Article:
Stress testing new hard drives

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Oct 19, 2020
Is it best practice to stress test new hard drives? I have (2) 14TB WD Red Pro drives that I plan using in a NAS. Ive read online that some people run "badblocks" in Linux, while others use the "Preclear" add-in in Unraid.

What is the general consensus here, do you stress test new hard drives before use?
I would not say so. Once upon a time when drives were far less "autonomous" than they are today that made sense, since those older drives were unable to look after themselves. But today's drives are able to deal with common issues transparently. So there's really not much reason to worry about any new drive's state.
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Experience with RAID has told me no. Granted these are all the same brand and size, but the results over 30 drives or so over the years has never had a drive fail early in its life. I presume this is because the drives are tested during manufacturing before shipping to a customer, and because the technology is such that modern drives are built around failing and recovering at the best of times. At the densities we've achieved, there is no such thing as a perfect drive surface any more... so the drive firmware uses lots of error recovery technology just to exist.
In general, with new drives, I do the SMART full surface scan. Yes takes a good number of hours to run, but at least does verify the factory formatting actually did work. then occasionally will run it again, to verify again all sectors are readable.
It's been a few years since I've had to buy a hard drive. Recall that drive WRITES from an OS on a normal PC are NOT verified. My practice in the past was to fill a new drive with random gibberish then run a SR level 4 on it. Then delete the gibberish. Yes, I would do that even on an SSD. With modern drives in the multi TB capacity range, there's no chance the manufacturer has done a surface analysis on a HDD, or storage cell analysis with an SSD. If nothing else, this "brings the controller's attention to each sector" as SR says in its own documentation. If there are physical or mechanical problems or major surface defects, they would show up. Obviously, some of that doesn't apply to SSD's. But, even then, it gives each storage cell a test. I'm not saying this is a right or wrong answer, maybe just shades of gray. But, I'd probably do the same thing now if I bought a new drive. I Run SR level 2 yearly even on SSD's. I also try to leave 10 % empty space so the drive can do its housekeeping. For myself, I also turn off write caching on the HDD in case of a power failure or computer lockup.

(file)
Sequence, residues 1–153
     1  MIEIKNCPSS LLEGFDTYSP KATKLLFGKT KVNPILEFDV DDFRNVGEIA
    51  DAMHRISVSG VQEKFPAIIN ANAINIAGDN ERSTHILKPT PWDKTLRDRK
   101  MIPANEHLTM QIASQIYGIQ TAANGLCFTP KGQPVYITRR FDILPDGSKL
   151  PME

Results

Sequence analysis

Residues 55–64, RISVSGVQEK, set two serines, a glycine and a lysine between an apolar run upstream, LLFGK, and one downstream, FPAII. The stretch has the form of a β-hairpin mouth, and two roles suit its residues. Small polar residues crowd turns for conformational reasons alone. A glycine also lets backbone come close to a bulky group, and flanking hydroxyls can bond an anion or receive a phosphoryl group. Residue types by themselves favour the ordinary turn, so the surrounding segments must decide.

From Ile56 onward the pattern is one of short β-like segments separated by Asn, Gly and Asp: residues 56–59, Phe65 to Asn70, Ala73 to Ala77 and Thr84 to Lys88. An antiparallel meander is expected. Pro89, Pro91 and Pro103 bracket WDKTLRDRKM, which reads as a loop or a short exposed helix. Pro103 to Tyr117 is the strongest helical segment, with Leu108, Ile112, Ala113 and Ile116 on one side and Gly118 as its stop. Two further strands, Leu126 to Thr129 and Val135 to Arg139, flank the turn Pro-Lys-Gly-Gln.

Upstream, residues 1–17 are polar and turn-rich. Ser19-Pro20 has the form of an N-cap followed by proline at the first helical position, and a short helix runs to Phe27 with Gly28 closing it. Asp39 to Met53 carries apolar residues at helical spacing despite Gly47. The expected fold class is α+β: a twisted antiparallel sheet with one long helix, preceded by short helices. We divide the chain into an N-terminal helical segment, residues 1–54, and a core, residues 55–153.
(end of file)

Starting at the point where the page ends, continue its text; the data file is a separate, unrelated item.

Ask 50 engineers a question and you'll get 200 answers. ;)

May your bits be stable and your interfaces be fast. :cool: Ron
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